[Python-Dev] Re: Capabilities - published interfaces
Luke Kenneth Casson Leighton
lkcl at lkcl.net
Sat Dec 20 10:30:22 EST 2003
On Sat, Dec 20, 2003 at 10:16:29AM -0500, Aahz wrote:
> > as python moves into a more mainstream acceptance, it becomes more
> > of an issue to let the kiddies bash themselves with rubber hammers.
> That's an assertion. I think to a certain extent you'll need to prove
> your assertion.
'm a bit worried that such proofs would involve painting
large metal hammers and covering them in plastic to make them
look less real.
the resultant cracked skills could possibly land someone in jail.
> Supposedly there's a middle ground of untrusted but non-hostile code,
> but what's the point of providing support for that?
the example that i gave that was because i wanted to offer a subset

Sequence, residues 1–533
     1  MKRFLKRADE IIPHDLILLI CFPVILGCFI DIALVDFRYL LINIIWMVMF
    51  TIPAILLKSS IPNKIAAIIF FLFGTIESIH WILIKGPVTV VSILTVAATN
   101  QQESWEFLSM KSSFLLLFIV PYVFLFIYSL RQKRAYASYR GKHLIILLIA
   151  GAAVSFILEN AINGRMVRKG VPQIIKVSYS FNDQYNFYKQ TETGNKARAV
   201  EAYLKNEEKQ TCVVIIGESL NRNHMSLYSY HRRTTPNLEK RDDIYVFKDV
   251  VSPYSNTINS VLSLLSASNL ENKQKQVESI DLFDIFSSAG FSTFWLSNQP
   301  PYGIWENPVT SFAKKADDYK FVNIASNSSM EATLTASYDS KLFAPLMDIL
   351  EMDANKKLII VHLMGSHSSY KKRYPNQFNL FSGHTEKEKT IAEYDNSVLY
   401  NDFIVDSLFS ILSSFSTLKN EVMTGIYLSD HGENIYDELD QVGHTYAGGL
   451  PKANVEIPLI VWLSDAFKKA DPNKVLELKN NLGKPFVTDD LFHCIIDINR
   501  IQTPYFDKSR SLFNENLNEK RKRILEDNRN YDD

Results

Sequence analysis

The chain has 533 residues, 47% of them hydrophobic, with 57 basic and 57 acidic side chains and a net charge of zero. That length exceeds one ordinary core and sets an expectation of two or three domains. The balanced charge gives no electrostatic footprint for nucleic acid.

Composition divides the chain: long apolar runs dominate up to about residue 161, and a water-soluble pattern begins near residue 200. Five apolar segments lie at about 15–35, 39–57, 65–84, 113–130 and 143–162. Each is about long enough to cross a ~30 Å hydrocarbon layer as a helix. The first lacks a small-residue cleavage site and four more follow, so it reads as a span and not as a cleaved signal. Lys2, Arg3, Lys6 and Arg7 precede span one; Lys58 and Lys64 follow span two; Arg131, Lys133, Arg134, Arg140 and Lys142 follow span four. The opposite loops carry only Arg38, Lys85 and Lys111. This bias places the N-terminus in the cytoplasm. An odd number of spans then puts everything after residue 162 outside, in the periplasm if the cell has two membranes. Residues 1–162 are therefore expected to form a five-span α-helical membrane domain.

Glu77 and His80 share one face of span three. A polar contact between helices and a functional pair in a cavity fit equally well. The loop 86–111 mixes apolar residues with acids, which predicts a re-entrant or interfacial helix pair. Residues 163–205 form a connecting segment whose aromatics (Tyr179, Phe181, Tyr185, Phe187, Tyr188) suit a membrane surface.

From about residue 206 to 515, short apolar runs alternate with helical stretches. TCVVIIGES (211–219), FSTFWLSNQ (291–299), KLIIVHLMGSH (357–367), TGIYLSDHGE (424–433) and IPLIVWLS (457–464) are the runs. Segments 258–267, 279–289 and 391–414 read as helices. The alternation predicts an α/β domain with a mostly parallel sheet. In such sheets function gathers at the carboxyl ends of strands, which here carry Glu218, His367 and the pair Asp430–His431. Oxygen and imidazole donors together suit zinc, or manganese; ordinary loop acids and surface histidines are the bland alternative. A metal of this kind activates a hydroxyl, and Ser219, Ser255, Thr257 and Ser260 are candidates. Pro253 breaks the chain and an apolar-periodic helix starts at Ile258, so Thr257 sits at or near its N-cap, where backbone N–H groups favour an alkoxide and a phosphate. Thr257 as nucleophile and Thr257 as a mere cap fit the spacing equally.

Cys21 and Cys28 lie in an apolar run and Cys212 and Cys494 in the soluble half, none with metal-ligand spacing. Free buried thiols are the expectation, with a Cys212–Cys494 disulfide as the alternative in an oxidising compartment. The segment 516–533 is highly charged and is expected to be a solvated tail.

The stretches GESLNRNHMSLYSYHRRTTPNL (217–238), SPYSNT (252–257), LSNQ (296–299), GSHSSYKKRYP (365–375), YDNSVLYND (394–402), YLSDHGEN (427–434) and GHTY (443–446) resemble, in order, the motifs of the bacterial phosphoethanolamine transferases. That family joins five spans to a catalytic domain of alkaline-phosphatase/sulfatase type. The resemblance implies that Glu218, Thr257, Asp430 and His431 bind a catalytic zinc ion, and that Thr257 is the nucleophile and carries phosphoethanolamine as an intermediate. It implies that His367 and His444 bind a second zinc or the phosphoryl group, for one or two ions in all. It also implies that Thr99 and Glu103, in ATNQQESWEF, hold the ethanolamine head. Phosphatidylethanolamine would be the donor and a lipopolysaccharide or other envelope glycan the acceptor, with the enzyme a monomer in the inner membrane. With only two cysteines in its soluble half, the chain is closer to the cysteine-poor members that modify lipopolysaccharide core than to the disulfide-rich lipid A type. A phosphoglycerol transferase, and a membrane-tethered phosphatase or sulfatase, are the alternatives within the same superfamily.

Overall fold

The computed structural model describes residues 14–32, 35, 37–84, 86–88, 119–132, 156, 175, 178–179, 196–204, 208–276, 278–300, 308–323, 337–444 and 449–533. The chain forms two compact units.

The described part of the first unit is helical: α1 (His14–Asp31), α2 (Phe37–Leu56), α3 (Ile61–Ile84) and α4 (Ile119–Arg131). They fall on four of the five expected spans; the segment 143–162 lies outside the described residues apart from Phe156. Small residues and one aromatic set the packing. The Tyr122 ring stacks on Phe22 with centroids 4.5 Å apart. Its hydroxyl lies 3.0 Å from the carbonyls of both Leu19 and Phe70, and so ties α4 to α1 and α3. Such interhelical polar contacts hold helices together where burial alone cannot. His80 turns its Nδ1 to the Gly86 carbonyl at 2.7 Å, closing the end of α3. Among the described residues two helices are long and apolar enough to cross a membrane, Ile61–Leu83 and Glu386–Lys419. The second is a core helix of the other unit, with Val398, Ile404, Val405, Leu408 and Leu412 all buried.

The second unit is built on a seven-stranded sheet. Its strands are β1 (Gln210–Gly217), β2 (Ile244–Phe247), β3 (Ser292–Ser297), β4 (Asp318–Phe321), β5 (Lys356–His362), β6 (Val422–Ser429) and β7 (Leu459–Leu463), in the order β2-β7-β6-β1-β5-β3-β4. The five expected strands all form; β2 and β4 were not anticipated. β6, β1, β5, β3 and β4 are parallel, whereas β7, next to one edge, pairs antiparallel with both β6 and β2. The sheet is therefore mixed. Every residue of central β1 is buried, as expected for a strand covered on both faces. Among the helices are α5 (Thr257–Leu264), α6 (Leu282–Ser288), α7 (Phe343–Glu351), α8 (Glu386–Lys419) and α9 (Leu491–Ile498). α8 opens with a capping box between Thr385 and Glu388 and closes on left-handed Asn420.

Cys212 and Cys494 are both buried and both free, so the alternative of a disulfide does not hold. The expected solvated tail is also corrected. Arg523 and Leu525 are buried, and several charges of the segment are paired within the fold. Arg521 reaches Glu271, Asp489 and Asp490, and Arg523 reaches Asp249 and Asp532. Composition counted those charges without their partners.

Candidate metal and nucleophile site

of python functionality to end-users such that they could run
DNS lookups, pings, check a web page existed, telnet to a box,
run commands and check the output.
so it's running a user's python code on a server where there is a
networked host being analysed by the user.
what i _didn't_ want to happen was for that user to run code on
the server that could damage the server and interfere with the
100 or so _other_ programs running to analyse 100 _other_ hosts.
the whole point of using python was to avoid having to write an new
what i came up with was very very useful.
to some extent, i didn't care about things like __class__ because
1) the users weren't that bright.
2) the user's weren't that hostile.
rexec fitted the requirements perfectly - and it still does: it's
just been disabled and also changed into something that stops even
the library functions from writing to log files.
i couldn't even use the MySQLdb module which was kinda critical to
the database-driven backend.
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